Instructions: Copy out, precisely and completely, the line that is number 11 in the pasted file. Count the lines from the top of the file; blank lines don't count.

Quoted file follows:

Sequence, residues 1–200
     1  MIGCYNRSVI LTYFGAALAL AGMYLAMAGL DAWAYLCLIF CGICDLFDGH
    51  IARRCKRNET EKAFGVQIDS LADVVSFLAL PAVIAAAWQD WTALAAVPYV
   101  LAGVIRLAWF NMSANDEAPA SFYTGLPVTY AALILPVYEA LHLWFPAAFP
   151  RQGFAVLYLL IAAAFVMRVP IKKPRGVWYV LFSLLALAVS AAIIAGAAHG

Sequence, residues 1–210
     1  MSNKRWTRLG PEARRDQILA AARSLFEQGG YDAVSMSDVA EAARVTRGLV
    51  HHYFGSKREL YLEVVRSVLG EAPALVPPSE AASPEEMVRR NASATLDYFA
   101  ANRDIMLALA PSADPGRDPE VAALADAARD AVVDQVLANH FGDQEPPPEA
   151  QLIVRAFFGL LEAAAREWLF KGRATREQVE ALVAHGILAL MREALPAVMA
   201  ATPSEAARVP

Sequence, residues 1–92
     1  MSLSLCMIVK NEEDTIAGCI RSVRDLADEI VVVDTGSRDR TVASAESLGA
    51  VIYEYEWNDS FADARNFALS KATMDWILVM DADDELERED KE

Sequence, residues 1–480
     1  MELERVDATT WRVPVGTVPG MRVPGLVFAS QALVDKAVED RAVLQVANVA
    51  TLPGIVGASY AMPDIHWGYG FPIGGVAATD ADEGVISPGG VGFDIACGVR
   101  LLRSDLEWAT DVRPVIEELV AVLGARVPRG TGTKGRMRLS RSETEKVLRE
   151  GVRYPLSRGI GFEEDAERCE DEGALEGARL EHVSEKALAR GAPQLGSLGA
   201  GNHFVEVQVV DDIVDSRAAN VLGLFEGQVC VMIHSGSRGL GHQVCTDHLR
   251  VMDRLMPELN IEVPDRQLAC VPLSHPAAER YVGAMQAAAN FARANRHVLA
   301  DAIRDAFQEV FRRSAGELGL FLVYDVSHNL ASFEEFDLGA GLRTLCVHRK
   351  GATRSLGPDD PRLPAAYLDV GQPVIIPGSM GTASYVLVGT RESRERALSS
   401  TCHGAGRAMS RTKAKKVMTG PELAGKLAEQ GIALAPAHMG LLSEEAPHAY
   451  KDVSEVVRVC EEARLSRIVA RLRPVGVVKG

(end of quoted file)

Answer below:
   201  ATPSEAARVP